Airport wildlife biologists then use that information to develop location-specific plans to reduce bird populations on and around airfields. 

"The idea," Begier said, "is, how do we tweak that system so that airports don't provide food, water and cover" for birds. 

At Denver Airport, where more than 300 bird strikes were reported in 2017, the five-person wildlife team uses a variety of techniques to control bird populations, said USDA biologist Levi Hodson, who is based at the airport. The largest number of strikes involve small birds, notably horned larks, which don't tend to cause major damage to aircraft. So the Denver wildlife team expends more of its effort to control populations of larger birds, such as hawks, eagles and owls. 

Within the 53-square-mile airport property, the team cuts grasses, making the habitat less hospitable to bird prey, such as mice, rabbits and prairie dogs. They affix bird spikes to airfield navigational aids so that raptors can't perch on them. And to chase birds away they employ harassment techniques, using small firecrackers, lights and sirens. 

The airport also relocates approximately 200 raptors per year, Hodson said.

Denver Airport's wildlife team also liaisons with nearby property owners and towns, offering suggestions on how to reduce or manage bird populations. 

That's not always an easy proposition, Hodson conceded, because their risk to aviation notwithstanding, birds provide ecological benefits and are often desired by landowners and other government agencies. For example, the 16,000-acre Rocky Mountain Arsenal National Wildlife Refuge sits approximately a mile west of airport property. 

"Birds are aesthetically pleasing," Hodson said. "A lot of people do manage their property specifically to attract birds." 

Still, he said, his team strives to create awareness about the airport's concerns relating to birds, and they also offer advice on how to attract bird species that aren't a major concern to aviation. 

Nationwide in 2017, Dolbeer said, mourning doves were the species most frequently involved in aircraft bird strikes, followed by barn swallows. Canada geese, the cause of the Miracle on the Hudson crash a decade ago, were 20th on the list. Still, Canada geese are a species that are commonly controlled around airports through the most controversial technique in wildlife managers' toolbox: culling. Biologists usually round up the geese during the June molting season, when they are temporarily flightless, and euthanize them with carbon dioxide.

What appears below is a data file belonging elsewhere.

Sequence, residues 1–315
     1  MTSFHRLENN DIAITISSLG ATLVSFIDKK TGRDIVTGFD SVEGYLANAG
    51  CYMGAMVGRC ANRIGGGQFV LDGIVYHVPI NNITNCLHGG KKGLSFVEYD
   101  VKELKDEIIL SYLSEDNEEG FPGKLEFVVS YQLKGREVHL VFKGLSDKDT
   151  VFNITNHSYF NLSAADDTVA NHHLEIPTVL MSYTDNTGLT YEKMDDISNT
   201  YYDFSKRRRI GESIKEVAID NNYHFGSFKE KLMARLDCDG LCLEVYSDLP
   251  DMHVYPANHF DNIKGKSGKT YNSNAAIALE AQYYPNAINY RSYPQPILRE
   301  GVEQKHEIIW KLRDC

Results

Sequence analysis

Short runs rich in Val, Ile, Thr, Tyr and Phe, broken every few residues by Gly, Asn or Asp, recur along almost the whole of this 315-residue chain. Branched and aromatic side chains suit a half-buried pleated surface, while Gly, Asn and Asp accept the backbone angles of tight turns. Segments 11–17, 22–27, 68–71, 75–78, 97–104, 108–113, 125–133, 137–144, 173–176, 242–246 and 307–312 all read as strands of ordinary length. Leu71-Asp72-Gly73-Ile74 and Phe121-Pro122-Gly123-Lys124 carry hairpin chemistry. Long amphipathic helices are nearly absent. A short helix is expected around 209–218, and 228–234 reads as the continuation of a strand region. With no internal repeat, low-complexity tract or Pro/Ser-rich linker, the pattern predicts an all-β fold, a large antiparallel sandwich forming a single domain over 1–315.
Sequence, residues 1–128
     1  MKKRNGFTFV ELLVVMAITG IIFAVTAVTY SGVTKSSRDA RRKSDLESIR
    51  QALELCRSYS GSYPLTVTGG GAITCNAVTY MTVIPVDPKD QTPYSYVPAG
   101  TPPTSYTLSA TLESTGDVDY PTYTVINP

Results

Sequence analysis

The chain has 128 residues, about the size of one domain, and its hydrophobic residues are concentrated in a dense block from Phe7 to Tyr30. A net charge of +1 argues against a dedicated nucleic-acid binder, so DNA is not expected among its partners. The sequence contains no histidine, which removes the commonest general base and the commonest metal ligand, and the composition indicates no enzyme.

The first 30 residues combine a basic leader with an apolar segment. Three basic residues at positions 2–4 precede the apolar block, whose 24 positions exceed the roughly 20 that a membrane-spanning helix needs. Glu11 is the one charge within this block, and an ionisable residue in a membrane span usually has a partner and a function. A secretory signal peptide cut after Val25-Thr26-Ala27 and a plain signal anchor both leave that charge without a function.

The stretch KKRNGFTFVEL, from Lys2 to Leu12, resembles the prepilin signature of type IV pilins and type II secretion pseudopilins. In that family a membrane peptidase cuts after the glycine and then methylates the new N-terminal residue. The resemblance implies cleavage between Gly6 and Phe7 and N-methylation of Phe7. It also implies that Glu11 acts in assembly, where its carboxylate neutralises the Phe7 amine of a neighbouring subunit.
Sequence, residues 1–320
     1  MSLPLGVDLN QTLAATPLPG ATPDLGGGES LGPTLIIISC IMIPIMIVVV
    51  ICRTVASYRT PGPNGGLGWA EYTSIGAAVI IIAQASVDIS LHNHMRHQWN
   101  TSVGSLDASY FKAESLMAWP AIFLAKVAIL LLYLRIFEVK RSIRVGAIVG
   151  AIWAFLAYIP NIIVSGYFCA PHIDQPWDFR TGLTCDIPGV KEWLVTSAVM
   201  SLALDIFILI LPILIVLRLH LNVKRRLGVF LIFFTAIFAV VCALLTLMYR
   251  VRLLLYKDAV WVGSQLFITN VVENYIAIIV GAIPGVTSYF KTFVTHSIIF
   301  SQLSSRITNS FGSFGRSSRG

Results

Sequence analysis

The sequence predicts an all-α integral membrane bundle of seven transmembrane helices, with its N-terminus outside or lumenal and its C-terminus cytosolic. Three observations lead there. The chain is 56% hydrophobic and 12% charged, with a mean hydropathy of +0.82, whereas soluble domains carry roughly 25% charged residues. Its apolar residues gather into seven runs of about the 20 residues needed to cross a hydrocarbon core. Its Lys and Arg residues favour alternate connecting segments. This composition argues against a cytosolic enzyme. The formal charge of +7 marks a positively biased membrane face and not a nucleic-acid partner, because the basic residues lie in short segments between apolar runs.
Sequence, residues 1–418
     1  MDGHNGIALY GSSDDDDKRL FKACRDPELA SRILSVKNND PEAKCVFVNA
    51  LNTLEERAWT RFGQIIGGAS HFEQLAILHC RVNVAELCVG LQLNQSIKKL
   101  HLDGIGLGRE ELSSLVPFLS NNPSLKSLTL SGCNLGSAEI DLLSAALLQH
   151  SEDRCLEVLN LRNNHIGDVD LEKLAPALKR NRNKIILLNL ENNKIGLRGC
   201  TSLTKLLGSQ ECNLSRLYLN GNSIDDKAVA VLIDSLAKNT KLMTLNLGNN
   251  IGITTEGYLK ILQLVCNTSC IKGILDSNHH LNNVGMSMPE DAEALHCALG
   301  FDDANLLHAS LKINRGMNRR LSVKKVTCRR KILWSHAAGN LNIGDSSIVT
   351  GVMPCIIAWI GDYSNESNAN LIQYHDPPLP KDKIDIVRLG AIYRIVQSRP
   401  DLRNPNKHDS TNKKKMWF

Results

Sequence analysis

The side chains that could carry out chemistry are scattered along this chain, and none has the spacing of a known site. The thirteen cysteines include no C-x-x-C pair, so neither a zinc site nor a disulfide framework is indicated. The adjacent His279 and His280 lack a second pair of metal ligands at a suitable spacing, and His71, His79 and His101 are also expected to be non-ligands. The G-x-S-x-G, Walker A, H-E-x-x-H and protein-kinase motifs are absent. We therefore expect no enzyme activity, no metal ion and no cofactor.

"One of the things about Canada geese is that they have adapted to these urban environments," Dolbeer said. "They have virtually no predators, so the populations have to be managed in some way, and this is how."

The USDA rounds up approximately 20,000 Canada geese per year, he said. 

Dolbeer acknowledged that culling is controversial, though he asserted it is done carefully and with permits. 

"It's a very complex and emotional issue in many cases," he said.

In a recent report, Dolbeer and Begier concluded that the various bird-strike mitigation efforts employed by airports are working. Between 2000 and 2017, the number of reported civil aviation-related bird strikes in the U.S. increased 144%, but the number of damaging strikes declined 16%, they wrote. 

Notably, the decline has occurred at commercial airports, where wildlife teams are more common and larger, but not in the general aviation sector. Further, the declines have occurred at altitudes of 1,500 feet and below, where birds are more directly impacted by the airport environment, but not at higher altitudes. 

"These data demonstrate progress in wildlife hazard management programs at airports certified for passenger traffic," Dolbeer and Begier wrote. 

The Smithsonian Channel will debut a special on bird strikes and aviation, "Bird v. Plane: Miracle on the Hudson," on Tuesday, Jan. 15.